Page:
In a 1997 national survey of doctors, done by The Medical Post, the young doctors nationwide expressed extreme unhappiness with the health care system.

In Defense of the Obstetricians, From Where I Sit – 2

In the U.S.A, the situation is no different. In an editorial in The New England Journal of Medicine, Dr. Jerome Kassirier wonders if a health care system functions effectively if a sizable fraction of physicians are disgruntled. He asks, “Are patients well served by unhappy physicians?”

Physicians in the United States working in managed care organizations get financial incentives, which depend on limiting referrals, and care which would compromise their work. Physicians feel that incentives, which reward quality of care and provide patient satisfaction would offer better job satisfaction.

In his book “Paging Doctors”, David Woods, a medical journalist says, “The doctor’s dilemma, as George Bernard Shaw defined it in his play of that name, was the moral one imposed by getting paid for operating and not getting paid for not operating.” Bernard Shaw also raised some broader questions about the relative worth of people and objects. How do you define worth?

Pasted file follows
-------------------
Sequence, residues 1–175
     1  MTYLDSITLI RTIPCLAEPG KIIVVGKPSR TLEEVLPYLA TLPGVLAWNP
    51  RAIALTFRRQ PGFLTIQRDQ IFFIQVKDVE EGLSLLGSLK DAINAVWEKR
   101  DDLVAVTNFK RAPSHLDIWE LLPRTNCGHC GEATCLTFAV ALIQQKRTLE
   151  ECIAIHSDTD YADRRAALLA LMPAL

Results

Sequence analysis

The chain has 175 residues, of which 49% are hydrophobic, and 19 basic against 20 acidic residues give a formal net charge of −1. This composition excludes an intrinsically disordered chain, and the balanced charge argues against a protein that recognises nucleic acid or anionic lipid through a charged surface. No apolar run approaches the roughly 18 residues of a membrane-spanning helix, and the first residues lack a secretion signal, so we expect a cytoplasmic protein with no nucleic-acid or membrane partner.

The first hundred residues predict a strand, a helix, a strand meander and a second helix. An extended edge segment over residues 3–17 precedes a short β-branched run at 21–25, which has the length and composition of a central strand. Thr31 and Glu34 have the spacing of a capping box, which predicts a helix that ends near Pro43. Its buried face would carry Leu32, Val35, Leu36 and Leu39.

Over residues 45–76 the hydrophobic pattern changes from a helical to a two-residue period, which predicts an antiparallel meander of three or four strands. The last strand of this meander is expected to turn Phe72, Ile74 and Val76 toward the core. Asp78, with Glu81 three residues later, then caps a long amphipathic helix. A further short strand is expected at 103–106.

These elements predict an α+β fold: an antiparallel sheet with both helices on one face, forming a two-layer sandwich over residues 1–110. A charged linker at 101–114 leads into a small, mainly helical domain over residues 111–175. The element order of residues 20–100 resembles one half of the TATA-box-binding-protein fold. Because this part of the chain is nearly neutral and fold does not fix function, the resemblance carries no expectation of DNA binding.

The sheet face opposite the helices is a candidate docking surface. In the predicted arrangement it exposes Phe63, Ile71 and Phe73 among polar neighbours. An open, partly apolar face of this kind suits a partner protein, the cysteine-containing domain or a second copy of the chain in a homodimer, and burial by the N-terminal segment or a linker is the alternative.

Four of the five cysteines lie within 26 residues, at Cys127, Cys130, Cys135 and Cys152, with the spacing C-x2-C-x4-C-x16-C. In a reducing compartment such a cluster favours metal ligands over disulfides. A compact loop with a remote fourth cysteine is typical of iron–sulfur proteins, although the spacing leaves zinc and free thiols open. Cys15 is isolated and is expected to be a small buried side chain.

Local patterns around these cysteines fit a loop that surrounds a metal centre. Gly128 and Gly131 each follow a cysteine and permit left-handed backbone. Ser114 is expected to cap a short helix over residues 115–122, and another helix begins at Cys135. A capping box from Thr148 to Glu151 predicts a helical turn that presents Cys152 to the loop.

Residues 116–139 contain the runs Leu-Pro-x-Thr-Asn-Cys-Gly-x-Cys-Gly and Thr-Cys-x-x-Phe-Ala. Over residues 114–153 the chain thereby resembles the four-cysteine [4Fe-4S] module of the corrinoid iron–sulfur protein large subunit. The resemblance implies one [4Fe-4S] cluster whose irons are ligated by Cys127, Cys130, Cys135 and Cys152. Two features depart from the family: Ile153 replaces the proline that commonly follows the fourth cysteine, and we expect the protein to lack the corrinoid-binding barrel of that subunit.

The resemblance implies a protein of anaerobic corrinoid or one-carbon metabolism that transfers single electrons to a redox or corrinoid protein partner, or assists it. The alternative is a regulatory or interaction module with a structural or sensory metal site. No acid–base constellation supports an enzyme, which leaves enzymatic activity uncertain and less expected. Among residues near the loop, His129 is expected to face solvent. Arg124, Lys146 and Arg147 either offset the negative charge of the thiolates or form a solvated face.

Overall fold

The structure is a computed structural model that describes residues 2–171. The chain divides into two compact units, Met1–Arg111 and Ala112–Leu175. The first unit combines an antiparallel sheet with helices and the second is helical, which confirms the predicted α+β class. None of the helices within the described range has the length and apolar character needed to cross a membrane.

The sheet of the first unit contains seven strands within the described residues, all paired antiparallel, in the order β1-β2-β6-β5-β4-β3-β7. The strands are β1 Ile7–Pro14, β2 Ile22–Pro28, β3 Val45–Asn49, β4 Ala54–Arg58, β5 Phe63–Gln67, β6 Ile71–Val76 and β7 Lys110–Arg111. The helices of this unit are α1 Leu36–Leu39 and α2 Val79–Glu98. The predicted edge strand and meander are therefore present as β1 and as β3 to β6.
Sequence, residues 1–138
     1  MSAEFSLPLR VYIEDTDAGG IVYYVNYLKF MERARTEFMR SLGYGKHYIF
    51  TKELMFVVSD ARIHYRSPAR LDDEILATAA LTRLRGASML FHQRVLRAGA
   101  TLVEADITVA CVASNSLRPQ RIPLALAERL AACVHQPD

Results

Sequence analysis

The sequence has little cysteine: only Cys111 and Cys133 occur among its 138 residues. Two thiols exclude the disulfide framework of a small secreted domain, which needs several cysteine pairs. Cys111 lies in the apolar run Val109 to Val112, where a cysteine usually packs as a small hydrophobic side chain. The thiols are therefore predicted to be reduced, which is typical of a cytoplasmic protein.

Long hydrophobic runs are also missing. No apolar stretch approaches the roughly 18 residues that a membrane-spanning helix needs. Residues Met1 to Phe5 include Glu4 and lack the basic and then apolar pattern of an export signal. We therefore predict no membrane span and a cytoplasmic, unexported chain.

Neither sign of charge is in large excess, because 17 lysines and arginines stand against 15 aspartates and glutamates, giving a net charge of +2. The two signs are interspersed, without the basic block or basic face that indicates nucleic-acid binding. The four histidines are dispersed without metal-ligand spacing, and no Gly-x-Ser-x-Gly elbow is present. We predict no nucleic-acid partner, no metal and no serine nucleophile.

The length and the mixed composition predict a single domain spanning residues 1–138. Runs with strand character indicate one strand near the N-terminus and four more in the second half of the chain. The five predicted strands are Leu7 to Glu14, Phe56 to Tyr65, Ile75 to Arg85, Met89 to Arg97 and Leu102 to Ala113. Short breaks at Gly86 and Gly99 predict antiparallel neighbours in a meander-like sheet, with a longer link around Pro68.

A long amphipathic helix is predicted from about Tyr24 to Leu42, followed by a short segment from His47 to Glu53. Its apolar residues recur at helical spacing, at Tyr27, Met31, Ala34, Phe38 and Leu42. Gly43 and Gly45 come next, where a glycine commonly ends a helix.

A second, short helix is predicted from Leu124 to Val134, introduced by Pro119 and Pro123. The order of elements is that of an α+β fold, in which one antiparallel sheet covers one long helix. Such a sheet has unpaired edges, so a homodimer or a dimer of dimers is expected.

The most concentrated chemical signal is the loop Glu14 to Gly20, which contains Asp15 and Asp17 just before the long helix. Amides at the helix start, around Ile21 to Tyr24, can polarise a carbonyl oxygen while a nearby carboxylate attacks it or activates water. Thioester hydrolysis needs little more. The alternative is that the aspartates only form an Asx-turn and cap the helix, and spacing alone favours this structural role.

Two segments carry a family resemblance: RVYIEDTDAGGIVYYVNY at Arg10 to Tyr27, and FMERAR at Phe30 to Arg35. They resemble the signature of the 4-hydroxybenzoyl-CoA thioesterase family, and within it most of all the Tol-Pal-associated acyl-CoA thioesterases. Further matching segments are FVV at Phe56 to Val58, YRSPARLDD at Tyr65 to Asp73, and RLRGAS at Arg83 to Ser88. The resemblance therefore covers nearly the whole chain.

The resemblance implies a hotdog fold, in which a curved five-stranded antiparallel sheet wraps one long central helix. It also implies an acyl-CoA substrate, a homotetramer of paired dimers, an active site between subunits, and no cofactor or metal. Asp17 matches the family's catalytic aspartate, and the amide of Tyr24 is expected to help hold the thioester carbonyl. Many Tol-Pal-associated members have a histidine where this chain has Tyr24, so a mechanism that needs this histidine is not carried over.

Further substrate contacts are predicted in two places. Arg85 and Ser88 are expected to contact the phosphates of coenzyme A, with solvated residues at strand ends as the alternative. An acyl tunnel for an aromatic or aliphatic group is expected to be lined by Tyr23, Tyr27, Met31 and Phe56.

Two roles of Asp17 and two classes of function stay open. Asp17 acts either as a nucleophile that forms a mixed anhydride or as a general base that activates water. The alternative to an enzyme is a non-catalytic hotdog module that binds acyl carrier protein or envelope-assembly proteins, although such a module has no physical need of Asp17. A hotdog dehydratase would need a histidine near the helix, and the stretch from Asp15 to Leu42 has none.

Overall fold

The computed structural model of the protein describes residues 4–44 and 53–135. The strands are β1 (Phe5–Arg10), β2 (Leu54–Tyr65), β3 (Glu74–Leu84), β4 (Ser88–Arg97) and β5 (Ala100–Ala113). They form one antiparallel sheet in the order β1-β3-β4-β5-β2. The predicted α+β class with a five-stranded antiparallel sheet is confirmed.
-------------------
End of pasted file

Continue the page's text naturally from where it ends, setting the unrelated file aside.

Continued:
Finally, sixteen years ago, Modern Medicine of Canada wrote, “Doctors surely are stressed. The strain comes mainly from the profession that bears the most direct responsibility for other peoples quality of life and the nature and timing of their deaths. In fact, there is hardly a single human being living in a developed society who has not been treated by a physician several times in his life. But no matter how strenuously a doctor has toiled or how miraculous the results, it is all taken for granted and in this day and age, gratitude is minimal”.

So where do we go from here? The Palliser Health Authority would love to have happy doctors providing excellent quality service in an environment, which would recognize and reward their special skills. How can we do this?